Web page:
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    Rain Gardens Basics

    Did you know that even a small rain garden will have a big impact? For example, you live in South Carolina, which has an annual average rainfall of about 50", and your roof covers your 1,100 square foot house. You build a rain garden that is about 18' x 14' x 6" deep and direct the rainwater from just one downspout to your garden. Your rain garden would collect and filter a whopping 18,000 gallons of water in an average rainfall year! That's just one rain garden and only one downspout.

    Basic Requirements of Rain Gardens:

    • The right location. Ten feet away from your basement, or 5 feet away from your slab. Keep the garden away from your septic field and water well, and away from large tree driplines. Rain gardens can be created in sunny or shady spots, so be sure to pay attention to the light requirements of the plants you choose.
    • Good drainage. Clay soils work best to make a rain garden because they slow the percolation of water; holding water while allowing it to slowly drain. This slow drainage directs the rain water back down into the soil to replenish underground water storage areas known as aquifers.

    If you have clay soil, it must be amended with compost, organic matter, sand, and/or peat moss to increase its water absorption ability. Slowly work the amendments into the clay soil when it is not slimy wet. On the other hand, trying to work with rock-hard clay is no joy either. Choose a day when your clay soil is neither soggy, nor concrete hard!

    If you are unsure of the type of soil you have, complete this simple test: pick up a handful of moist (but not soggy wet) soil from your garden, and squeeze it firmly; open your hand and compare the results with these:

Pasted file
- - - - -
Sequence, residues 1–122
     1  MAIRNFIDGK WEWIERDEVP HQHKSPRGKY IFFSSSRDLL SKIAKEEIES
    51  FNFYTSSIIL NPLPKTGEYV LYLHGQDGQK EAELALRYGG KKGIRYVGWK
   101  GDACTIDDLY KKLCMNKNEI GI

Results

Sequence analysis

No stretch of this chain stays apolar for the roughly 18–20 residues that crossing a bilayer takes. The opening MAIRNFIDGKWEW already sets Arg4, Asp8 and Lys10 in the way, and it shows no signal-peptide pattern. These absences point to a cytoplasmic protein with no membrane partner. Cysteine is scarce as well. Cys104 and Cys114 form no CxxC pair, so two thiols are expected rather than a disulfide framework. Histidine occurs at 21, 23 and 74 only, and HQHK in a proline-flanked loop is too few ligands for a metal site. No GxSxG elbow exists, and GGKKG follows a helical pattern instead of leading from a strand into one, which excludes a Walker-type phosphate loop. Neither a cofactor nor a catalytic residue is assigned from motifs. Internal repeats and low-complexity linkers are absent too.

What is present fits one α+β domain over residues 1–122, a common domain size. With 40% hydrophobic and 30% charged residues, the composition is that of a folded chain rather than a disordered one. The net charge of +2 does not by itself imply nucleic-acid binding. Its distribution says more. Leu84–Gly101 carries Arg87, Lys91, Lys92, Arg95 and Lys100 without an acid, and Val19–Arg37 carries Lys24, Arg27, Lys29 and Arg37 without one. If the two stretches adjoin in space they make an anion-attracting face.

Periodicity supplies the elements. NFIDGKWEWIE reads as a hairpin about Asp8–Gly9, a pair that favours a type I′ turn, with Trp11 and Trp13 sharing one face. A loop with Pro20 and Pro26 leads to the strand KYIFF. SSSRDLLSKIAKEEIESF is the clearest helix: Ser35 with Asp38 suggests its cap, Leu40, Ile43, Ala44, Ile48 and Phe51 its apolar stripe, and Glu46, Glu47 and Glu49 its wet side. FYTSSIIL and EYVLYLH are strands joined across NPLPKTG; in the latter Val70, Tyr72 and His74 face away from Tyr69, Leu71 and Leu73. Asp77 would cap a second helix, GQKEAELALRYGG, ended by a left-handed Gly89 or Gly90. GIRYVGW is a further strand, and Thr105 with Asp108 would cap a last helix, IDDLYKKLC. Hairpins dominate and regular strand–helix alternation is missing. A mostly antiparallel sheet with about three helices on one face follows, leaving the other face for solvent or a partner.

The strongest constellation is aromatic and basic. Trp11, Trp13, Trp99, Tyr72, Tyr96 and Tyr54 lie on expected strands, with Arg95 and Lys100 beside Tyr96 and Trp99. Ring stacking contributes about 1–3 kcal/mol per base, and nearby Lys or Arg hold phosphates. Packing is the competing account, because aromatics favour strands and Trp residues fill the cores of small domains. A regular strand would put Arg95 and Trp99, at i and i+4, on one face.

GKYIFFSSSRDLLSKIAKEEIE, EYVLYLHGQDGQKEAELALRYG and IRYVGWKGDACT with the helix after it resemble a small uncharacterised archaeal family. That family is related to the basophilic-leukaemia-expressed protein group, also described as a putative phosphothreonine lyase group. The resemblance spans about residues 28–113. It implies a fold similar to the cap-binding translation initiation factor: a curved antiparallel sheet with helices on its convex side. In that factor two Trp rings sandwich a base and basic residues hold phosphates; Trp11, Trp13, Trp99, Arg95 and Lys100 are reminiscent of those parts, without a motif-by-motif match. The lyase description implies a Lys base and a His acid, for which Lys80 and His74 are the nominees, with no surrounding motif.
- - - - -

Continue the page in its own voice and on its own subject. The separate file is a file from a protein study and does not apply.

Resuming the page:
• It held its shape, and when you poked it lightly, it crumbled. That's loam, also known as the gardener's best friend.
    • It held its shape and stayed in your hand even when you poked it. That's clay soil.
    • It fell apart as soon as you opened your hand. That's sandy soil.

    Now that you know what type of soil you have, you can work on improving it.If your test indicates sandy soil, you will need to add water-absorbing compost and topsoil to the rain-garden area.

    • The correct size for best efficiency. The size should be approximately one-third as large as the surface area that drains into it (such as your roof). Typically a rain garden is between 35 and 300 square feet, and a depth of 3 to 8 inches. You can calculate the correct size garden for your yard by going to raingardenalliance.org
    • Overflow capability in extreme rainfall situations. This means making a notch in your berm. The berm is the soil, rocks or sod surrounding your rain garden that holds everything in place. The notch will allow excess water to be dispersed away from your garden. Locate the notch so that water will not be directed into storm drains, driveways or your neighbor's yard. The runoff should flow and spread over a grassy area of your lawn to drain naturally back into the soil.
    • Plants that tolerate wet feet as well as drought conditions. The native grasses, wildflowers, shrubs and trees know how to cope with your region's climate and soil conditions. They will also attract the most birds and beneficial insects. It's quite probable that migrating birds as well as those just 'passing by' will see your rain garden as an oasis, and drop in for a visit!

    Good choices for rain garden plants would include those that like to grow at the edge of a pond: Rose mallow, blue flag iris, cardinal flower, obedient plant, cattails, sedges, tall grasses, New England aster, black-eyed susan, blue sage, blue lobelia, marsh milkweed and turtlehead. Check with your local Cooperative Extension Office for more choices.